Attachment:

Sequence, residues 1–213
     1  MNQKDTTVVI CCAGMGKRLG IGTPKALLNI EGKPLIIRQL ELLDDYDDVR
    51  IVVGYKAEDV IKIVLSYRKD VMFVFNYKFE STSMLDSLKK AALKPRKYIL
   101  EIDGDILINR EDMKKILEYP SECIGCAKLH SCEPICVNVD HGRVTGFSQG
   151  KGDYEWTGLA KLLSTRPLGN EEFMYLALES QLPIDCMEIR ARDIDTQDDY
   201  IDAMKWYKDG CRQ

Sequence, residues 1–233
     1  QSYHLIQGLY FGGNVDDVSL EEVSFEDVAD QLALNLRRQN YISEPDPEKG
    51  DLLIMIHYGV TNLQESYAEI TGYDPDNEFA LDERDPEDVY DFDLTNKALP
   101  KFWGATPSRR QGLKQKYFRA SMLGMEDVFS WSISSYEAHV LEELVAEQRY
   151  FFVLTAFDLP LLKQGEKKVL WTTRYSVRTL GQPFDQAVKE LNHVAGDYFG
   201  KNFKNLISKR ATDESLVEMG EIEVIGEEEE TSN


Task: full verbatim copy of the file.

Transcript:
Sequence, residues 1–213
     1  MNQKDTTVVI CCAGMGKRLG IGTPKALLNI EGKPLIIRQL ELLDDYDDVR
    51  IVVGYKAEDV IKIVLSYRKD VMFVFNYKFE STSMLDSLKK AALKPRKYIL
   101  EIDGDILINR EDMKKILEYP SECIGCAKLH SCEPICVNVD HGRVTGFSQG
   151  KGDYEWTGLA KLLSTRPLGN EEFMYLALES QLPIDCMEIR ARDIDTQDDY
   201  IDAMKWYKDG CRQ

Sequence, residues 1–233
     1  QSYHLIQGLY FGGNVDDVSL EEVSFEDVAD QLALNLRRQN YISEPDPEKG
    51  DLLIMIHYGV TNLQESYAEI TGYDPDNEFA LDERDPEDVY DFDLTNKALP
   101  KFWGATPSRR QGLKQKYFRA SMLGMEDVFS WSISSYEAHV LEELVAEQRY
   151  FFVLTAFDLP LLKQGEKKVL WTTRYSVRTL GQPFDQAVKE LNHVAGDYFG
   201  KNFKNLISKR ATDESLVEMG EIEVIGEEEE TSN